Demi Lovato has never shied away when it comes to talking about her mental health. The singer has remained open about her past struggles with drug addiction, cutting, and her eating disorder. In 2011, Lovato announced publicly that she was diagnosed with bipolar disorder in 2011.
“If you know someone or if you’re dealing with it yourself, just know that it is possible to live well,” Lovato, told PEOPLE magazine. “I’m living proof of that.”
The 25-year-old “Sorry Not Sorry” singer is now taking that wise awareness and hopes to help other people dealing with similar struggles.
On Saturday in Central Park, New York, at the Global Citizen concert, it was announced that Lovato is the first Global Citizen Mental Health Ambassador for a pilot program in collaboration with Save the Children. The program is called Healing and Education through the Arts, and will be aimed at young people living in Iraq’s Kirkuk and Salah al Din areas. Lovato and Global Citizen will be funding the program.
— Demi Lovato (@ddlovato) September 24, 2017
“Ending the stigma around mental health conditions and supporting internally displaced children to build physical and mental resilience through education and access to justice is not a choice, it needs to happen, and it needs to happen now,” Lovato said onstage.
Lovato said on Instagram that as Mental Health Ambassador she will be able to “focus on vulnerable communities around the world,” adding that “with [Global Citizen’s] support and our combined platforms, I will be able to further my work around some of the issues I deeply care about as it relates to mental health and well-being around the world.”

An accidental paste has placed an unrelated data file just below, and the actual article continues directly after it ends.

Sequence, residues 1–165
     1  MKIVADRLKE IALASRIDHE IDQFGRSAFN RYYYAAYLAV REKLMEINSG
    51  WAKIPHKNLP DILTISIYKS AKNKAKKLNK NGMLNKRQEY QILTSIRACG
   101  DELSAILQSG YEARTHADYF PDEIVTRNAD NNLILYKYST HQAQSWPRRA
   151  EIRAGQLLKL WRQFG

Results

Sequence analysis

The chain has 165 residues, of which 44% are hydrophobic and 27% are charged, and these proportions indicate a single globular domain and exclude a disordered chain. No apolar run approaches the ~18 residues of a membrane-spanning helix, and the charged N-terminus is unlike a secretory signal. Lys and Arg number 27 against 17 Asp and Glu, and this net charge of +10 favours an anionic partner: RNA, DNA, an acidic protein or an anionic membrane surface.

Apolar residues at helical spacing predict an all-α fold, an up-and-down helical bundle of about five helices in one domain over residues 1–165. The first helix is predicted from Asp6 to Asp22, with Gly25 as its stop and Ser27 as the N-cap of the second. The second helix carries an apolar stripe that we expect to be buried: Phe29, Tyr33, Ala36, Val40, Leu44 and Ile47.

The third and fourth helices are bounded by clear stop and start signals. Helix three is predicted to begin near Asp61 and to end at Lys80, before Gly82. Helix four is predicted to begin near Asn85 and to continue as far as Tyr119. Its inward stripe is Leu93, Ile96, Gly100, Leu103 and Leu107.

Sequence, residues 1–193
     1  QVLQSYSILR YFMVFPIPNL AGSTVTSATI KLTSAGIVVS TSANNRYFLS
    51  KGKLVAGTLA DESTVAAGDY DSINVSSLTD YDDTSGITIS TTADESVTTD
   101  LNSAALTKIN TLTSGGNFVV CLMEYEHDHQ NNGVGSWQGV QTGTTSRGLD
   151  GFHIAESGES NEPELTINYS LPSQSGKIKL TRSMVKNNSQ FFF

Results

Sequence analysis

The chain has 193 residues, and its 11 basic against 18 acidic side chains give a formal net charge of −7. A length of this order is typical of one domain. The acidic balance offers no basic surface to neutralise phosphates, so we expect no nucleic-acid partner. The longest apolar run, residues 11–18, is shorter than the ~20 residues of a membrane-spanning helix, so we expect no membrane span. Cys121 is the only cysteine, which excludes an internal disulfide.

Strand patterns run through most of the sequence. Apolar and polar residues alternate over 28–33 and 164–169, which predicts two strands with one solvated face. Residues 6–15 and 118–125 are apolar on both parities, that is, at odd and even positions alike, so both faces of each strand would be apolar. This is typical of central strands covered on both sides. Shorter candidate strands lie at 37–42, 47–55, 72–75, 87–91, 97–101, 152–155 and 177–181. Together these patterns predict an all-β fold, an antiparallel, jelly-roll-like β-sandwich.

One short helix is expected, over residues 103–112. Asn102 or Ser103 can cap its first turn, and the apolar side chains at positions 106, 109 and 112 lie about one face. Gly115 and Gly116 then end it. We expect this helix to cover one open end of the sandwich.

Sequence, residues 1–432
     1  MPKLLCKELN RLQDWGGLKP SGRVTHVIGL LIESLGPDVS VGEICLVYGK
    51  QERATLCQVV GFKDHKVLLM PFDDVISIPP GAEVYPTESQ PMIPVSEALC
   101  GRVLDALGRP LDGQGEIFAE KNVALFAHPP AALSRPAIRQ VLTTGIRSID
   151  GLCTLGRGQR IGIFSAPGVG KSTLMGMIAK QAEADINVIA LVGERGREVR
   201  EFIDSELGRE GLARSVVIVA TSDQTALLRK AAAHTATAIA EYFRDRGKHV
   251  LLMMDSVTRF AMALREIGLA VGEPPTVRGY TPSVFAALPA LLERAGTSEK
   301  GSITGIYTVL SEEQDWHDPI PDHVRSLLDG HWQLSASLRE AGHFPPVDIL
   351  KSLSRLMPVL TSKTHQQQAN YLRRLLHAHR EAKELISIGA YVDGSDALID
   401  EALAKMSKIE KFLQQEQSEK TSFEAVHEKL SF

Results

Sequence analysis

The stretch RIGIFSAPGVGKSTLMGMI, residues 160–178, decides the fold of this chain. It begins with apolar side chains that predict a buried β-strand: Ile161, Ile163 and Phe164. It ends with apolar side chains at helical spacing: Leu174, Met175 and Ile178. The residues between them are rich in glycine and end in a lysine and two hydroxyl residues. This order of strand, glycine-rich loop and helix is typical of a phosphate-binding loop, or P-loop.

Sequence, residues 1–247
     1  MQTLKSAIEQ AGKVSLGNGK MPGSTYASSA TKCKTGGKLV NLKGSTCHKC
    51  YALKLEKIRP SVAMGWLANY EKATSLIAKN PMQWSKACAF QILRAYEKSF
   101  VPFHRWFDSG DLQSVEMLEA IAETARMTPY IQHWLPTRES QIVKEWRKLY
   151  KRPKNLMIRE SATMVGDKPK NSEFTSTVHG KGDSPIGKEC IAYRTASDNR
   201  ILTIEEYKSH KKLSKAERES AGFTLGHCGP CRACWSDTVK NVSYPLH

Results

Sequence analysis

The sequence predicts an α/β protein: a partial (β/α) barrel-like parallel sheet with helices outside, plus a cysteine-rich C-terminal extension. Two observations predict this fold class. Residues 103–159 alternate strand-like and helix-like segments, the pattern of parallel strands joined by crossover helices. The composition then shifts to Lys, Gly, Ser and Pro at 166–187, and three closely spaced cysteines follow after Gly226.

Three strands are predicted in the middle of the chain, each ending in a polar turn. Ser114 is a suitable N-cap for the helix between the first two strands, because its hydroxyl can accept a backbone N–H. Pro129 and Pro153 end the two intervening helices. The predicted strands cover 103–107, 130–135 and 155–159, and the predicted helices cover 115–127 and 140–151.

In her post, the singer explained the reason that compelled her to seek a way to make a difference to the youth in Iraq.
“In October 2016, I, along with my friend and partner Mike Bayer, went to Kurdistan to visit one of the biggest refugee camps in the world. The experience of meeting with some of the displaced families, and my encounter with a very young girl who told me all she wants is to just be happy (what a simple and yet completely out of reach wish), will stay with me for the rest of my life…The trauma that displaced families and children all around the world feel from losing not only their homes, but also some of the people closest to them, is unfathomable and has long lasting impacts. My hope is that this program can bring at bit of comfort to those who need the most. This isn’t about politics or race or religion. It’s simply about humanity and protecting one another.”